Instead he resorted to punishment by non-military economic sanctions and a cyber attack. He claims to have felt that the deaths of an estimated 150 peopleif he used military force were disproportionate to the offense of shooting down an unmanned drone.
This may be true as far as it goes, but is avoiding the use of even minimal direct force the way to keep the US out of war? Iran has only grown more belligerent. And if that’s how Trump feels about loss of life, why has he been essentially ignoring Idlib?
A word here about NSA John Bolton, who has sadly acquired a (false) reputation as an imprudent hardliner. Some analysts wonder if Trump is using the old good cop, bad cop strategy. Keeping Bolton and Secretary of State Mike Pompeo, with their more hawkish reputations, by his side has helped him appear more moderate.
Trump would be wise to keep Bolton and Pompeo close, because they see what he does not. The areas of conflict – Syria, Ukraine, the Persian Gulf, and Venezuela – are linked, and sanctions are not working effectively because ways around them have been found. Russia has eased the sanctions on both the Maduro regime in Venezuela and the mullahs with the help of oil manipulations.
Thanks to the enormous profits reaped by the drug trade in central America, corrupt Venezuela has not yet crumbled. A moribund Hezbollah has revived, and Iran is thumbing its nose at Trump.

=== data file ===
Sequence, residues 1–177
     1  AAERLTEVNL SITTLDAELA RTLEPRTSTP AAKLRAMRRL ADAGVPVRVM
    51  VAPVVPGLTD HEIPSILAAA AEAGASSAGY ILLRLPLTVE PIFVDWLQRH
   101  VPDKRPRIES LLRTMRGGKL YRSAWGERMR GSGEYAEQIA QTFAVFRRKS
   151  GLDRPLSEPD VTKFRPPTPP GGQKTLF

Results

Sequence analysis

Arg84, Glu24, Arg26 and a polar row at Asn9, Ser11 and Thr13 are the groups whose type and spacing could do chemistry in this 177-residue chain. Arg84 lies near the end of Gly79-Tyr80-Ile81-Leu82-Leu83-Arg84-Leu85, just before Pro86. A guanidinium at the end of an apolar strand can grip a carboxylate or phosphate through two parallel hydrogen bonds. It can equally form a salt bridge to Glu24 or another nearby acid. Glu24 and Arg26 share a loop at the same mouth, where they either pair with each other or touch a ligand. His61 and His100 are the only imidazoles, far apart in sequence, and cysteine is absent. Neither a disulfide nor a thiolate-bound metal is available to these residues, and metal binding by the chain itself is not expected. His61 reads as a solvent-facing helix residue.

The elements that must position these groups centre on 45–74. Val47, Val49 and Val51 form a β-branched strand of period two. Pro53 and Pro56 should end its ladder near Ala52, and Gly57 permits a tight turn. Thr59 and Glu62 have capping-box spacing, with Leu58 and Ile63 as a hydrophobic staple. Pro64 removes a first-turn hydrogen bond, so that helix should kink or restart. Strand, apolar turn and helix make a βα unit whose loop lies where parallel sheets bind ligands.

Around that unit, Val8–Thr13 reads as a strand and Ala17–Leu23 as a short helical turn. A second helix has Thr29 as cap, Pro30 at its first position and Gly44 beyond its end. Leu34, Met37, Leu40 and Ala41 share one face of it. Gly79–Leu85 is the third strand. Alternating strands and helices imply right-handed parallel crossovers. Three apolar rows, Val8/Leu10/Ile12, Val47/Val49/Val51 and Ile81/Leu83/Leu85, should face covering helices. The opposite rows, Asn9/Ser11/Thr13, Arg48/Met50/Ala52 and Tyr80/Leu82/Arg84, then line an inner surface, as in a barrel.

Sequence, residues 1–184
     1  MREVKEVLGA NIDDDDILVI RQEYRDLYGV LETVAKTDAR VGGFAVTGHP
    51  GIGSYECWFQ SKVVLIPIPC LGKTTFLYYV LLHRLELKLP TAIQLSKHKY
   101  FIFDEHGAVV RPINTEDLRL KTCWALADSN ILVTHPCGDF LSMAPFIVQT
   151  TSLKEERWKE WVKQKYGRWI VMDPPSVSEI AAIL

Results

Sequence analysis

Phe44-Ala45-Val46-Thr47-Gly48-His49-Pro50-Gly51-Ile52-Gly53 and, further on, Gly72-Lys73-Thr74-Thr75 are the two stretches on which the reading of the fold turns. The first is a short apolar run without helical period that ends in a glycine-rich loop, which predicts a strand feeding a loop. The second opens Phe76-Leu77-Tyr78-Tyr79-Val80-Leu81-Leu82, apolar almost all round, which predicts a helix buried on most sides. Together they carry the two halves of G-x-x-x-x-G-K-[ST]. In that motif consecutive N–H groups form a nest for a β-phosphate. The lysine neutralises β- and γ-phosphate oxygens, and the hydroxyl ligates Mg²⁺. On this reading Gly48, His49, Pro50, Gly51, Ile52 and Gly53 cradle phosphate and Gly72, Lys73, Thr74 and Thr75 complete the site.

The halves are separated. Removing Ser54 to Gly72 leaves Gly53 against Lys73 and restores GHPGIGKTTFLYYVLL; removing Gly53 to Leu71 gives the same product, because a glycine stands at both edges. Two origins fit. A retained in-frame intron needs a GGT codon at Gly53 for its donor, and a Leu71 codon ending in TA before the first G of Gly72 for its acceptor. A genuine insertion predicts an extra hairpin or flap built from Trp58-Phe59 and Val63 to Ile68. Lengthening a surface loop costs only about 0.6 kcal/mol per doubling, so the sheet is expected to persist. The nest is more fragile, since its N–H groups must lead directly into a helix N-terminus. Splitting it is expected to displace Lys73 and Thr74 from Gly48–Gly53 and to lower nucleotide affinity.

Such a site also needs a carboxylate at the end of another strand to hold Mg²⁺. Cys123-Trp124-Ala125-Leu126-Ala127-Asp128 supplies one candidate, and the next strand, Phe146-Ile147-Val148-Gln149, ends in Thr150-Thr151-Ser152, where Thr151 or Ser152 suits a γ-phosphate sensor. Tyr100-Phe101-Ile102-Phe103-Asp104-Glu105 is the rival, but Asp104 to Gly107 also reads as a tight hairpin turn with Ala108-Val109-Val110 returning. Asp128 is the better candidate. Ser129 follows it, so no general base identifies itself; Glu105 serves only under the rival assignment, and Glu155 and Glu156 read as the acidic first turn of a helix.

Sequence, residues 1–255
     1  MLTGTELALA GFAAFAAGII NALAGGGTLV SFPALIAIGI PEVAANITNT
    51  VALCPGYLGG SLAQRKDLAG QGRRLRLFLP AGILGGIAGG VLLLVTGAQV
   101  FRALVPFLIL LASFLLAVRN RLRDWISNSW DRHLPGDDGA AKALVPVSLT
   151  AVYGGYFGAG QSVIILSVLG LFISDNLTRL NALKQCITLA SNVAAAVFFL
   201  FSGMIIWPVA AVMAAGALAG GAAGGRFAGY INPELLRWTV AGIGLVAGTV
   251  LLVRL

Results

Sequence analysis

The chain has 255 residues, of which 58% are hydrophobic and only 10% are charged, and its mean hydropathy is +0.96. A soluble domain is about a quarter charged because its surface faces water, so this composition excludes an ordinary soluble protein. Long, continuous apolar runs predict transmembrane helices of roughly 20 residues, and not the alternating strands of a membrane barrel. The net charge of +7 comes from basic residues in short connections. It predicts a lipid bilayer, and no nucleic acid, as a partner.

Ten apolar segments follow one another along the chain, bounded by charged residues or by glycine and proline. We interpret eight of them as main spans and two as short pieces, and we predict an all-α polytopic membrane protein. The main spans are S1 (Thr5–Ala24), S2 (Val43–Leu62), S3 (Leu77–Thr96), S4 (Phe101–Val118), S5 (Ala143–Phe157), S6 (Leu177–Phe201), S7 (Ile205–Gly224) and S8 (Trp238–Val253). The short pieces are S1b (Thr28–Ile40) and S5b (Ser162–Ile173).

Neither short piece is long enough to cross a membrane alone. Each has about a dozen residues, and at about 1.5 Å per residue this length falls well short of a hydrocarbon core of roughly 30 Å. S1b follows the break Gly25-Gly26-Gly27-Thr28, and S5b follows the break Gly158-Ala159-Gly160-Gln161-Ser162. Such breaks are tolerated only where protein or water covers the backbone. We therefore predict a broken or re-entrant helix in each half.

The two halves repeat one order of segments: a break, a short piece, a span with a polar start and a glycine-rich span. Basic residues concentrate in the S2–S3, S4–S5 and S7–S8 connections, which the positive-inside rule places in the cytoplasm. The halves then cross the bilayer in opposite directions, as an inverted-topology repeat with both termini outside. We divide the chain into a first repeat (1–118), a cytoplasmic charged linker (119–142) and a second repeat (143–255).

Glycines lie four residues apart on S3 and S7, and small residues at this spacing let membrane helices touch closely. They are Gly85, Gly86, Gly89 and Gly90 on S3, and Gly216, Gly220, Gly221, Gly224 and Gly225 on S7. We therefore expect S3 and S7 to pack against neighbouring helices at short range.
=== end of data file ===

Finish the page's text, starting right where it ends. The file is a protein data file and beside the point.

Trump’s performance as president has been laudable in many areas. He has improved the economy, kept the US far safer than Western Europe through controls on immigration, trimmed bureaucracy, and done what he can with sanctions and other non-military methods available to him. But great presidents also take risks when necessary.
While aiding ISIS or al-Qaeda rebels is unacceptable, Trump should threaten and deliver on punishment when chemical warfare is used. He should also stop referring to Bolton as a hardliner in contrast to himself. He needs Bolton, as well as Pompeo, to keep the military option alive and use it if necessary.
Bolton recently attended a three-way meeting in Israel with Russian and Israeli national security advisers to discuss the Iranian presence in Syria, which Israel is eager to reduce. The Russians, seeking to stabilize Idlib in the future and also reduce US sanctions, may see an opening for achieving such stability via a deal on Iran.
Dr. Jiri Valenta served for a decade as a tenured professor and Coordinator of Soviet and East European Studies for the U.S. Naval Postgraduate School, Monterrey, CA. He is a non-resident senior research associate at the BESA Center and a longstanding member of the US Council on Foreign Relations.
Leni Friedman Valenta is senior editor of the Valentas’ website, jvlv.net. She has written for Middle East Quarterly, The National Interest, The Aspen East Central Review, Miami Herald, and the Kyiv Post, among other publications.
For further writing by the Valentas on the Syrian conflict, see “Why Putin Wants Syria,’ Middle East Quarterly, Spring 2016. Vol. 23.Paragrafınızı buraya yazın.